Thursday, April 9, 2009

To Be A Witness

Coast Is Clear (live) - Curve (mp3)
Wake Up Exhausted (semi-live) - Alkaline Trio (mp3)

In the late summer months of 2008, fellow BOTG'er Bob and I had a back-and-forth regarding the comparative joys and downfalls of recorded music versus the experience of a live performance. In that semi-debate, I begged to find live music lacking by comparison. After last night, although I still stand by much of my argument, I feel I owe an apology to my blog partner.

On Monday night, I witnessed the glorious sight of my alma mater, UNC, winning their fifth national championship on a TV screen in Chattanooga. I stood, nervous and fidgety and with a pitch half an octave above my normal range, with some 25 other alumni and family members in the pool house of one of Chattanooga's newer and nicer downtown condo complexes. The atmosphere and experience were fine. We won a championship, and the feeling was very cool.

Quite a different experience from my national championship memories from 2005 and 1993.

In 1993, I was a junior in Chapel Hill. We watched the game on our (at the time) huge 26-inch low-def TV with a dozen or so friends, and then we sped up (thank God for non-drinking friends!) to Franklin Street -- "downtown" in Chapel Hill is, for all intents and purposes, a six-block stretch of a single street -- and joined the 20,000+ people who were in the streets to celebrate a truly unifying moment.

It was a horrible night for such a celebration, to be honest. A freezing drizzle fell most of the night, and temperatures sank from the low 50s down as time passed. With the trusty assistance of Alka Hall, I managed to stay plenty warm, as did most of the other thousands around me. Those who were still cold found furniture and other flammable materials and burned them in the streets. (It was a humanitarian act, much like Han Solo slicing that Tauntaun with a light saber in order to keep Luke warm.)

By the end of the night:
  • I'd been kissed on the lips by two great female friends who would never have otherwise kissed me and never did again;
  • my beautiful cream-colored sweater (I've always been a sweater guy) had been spray-painted with "UNC #1"
  • one of my roommates passed out in the bushes five blocks away;
  • another roommate reunited (again) with the ex-girlfriend he would ultimately marry;
  • I'd been quoted by a Daily Tar Heel reporter as saying, "Because they told us not to," in answering the question, "Why are so many people jumping over the fires?"
  • I'd met someone who would later become a three-week girlfriend of sorts;
  • I discovered that I love everything about a celebratory crowd so long as gunshots and rock-slinging never get involved.
Rumors of coeds having sex in the trees or in the street were greatly exaggerated. At least, in the streets and trees where I looked. And I did look. Still, as wild nights go, it was the wildest night of my life considering the numbers of people and the activities involved.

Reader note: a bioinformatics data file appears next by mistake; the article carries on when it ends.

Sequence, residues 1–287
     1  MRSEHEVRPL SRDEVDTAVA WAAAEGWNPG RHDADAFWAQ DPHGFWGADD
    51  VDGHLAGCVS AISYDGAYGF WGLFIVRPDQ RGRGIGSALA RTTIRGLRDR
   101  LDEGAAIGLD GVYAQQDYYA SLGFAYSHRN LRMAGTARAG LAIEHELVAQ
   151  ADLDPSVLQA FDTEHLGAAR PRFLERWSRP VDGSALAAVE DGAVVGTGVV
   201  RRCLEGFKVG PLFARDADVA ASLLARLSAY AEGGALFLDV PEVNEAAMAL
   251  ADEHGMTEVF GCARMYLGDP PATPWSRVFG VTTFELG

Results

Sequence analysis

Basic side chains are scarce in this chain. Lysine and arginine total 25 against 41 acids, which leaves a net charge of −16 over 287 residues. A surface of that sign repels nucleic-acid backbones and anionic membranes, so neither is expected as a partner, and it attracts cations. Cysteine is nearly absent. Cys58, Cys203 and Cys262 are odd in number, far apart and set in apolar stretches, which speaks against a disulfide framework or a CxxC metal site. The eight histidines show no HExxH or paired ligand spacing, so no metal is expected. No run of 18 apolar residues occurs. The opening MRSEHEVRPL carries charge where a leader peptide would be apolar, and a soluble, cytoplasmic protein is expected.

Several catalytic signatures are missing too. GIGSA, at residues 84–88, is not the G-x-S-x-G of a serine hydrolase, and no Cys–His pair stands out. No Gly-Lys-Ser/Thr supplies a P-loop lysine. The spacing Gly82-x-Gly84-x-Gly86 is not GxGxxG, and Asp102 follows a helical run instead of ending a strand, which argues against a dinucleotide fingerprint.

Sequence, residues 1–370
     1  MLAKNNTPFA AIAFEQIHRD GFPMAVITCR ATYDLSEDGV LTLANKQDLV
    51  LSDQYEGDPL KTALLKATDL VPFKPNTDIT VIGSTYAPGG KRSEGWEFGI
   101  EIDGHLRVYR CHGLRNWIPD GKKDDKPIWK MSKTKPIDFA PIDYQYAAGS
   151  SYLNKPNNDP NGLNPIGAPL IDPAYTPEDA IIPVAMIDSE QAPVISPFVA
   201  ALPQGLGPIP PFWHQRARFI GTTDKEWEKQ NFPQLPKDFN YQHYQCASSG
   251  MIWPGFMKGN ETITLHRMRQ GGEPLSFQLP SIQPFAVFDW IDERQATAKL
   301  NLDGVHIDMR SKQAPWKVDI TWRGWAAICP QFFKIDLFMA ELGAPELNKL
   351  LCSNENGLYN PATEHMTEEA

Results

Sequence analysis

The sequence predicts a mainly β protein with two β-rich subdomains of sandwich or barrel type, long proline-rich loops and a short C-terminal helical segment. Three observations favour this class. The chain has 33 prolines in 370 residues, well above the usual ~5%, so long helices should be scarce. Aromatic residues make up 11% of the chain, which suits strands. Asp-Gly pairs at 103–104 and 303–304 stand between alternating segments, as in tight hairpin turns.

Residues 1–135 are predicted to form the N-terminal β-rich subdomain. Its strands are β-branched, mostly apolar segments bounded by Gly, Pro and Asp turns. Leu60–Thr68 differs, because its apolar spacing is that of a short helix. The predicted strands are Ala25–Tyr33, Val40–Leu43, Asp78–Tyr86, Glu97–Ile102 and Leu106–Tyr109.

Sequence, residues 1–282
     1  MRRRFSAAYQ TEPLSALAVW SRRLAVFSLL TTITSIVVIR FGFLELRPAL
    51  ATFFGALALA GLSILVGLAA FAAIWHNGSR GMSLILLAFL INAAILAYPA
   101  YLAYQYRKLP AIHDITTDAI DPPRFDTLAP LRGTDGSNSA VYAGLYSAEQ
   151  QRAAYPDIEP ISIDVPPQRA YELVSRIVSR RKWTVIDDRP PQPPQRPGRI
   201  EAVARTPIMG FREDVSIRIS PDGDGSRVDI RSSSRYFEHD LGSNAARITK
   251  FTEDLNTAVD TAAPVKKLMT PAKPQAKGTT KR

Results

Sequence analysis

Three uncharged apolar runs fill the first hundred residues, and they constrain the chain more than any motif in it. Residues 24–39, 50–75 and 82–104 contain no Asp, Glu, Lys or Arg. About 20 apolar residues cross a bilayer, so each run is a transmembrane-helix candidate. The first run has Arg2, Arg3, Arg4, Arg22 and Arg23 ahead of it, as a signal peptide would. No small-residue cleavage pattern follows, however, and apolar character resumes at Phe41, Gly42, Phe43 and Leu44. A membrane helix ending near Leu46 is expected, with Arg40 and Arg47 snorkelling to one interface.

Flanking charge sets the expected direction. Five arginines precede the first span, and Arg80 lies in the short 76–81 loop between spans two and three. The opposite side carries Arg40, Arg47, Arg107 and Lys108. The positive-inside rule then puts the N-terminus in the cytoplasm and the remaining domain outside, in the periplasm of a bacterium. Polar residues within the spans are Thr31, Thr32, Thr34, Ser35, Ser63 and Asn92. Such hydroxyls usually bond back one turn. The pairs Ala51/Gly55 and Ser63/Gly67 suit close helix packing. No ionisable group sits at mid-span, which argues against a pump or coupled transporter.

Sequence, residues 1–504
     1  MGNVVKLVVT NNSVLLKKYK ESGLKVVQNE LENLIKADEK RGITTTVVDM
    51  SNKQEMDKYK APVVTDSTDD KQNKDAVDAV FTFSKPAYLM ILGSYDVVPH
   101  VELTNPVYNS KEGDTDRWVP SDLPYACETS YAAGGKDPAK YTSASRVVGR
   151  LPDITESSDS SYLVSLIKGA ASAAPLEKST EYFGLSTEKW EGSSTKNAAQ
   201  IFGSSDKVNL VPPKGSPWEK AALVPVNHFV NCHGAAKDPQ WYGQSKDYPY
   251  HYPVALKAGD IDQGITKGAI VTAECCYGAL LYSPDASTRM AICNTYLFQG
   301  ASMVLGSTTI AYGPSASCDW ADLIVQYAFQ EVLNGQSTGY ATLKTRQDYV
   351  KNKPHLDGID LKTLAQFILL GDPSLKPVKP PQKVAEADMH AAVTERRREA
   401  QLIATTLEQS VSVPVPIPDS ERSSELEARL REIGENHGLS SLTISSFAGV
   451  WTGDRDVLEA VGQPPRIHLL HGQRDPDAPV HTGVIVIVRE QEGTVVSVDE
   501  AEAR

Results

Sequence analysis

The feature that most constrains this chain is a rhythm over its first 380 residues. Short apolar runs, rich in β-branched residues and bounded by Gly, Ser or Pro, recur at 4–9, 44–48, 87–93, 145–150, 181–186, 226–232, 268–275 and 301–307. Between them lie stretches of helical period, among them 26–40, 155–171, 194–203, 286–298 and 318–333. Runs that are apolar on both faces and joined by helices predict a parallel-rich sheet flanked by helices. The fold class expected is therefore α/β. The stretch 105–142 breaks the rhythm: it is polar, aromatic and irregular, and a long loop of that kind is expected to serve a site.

In 2005, I was in St. Louis with that same now-married roommate thanks to the incredible fortune of having, as one of my student advisees, a young man whose father was highly-connected at UNC. I sat with said family 23 rows from the floor, behind the very backboard where freshman Marvin Williams made the play that helped seal the victory down the stretch. While the post-victory celebration wasn't comparable in numbers or insane acts, the evening had with it this religious exhilaration of having witnessed something transcendent in person for the first and likely last time.

On Monday night, while we celebrated the victory by... cleaning up.

We stared at the screen, through myriad commercials, all to wait for the cheesiest season-concluding tradition this side of the credits to Solid Gold, Luther Vandross' "One Shining Moment." I received text messages from Frank, the young man whose parents gave -- yes, gave -- me that 23rd-row ticket. He's a sophomore at UNC, and he was kind enough to empathize with my jonesing to be on Franklin Street and send me cell phone pictures documenting the night. He at one point got hit in the head by a removed street sign, but no matter to those in such heightened states of existence. (One such picture included at right.)

This leads me back to Bob's argument about live music over the recorded stuff and why I must apologize to him.

My experience of witnessing UNC's national championship on Monday was, basically, a recording. It wasn't the real experience. The concert experience is being in a town of tens of thousands whose spirit and focus and energy is aimed smack dab in the same direction as yours. The concert experience is watching the game itself play out before your very eyes not 100 feet away. Sure, I was totally giddy on Monday night, but it was a different and weaker kind of giddy.

The live version would have been so much better. And it's not even close.


Bob said...

Come see Dino Jr. live on Monday night!

Anonymous said...

troutking said...

Come see Bruce April 26th in Atlanta!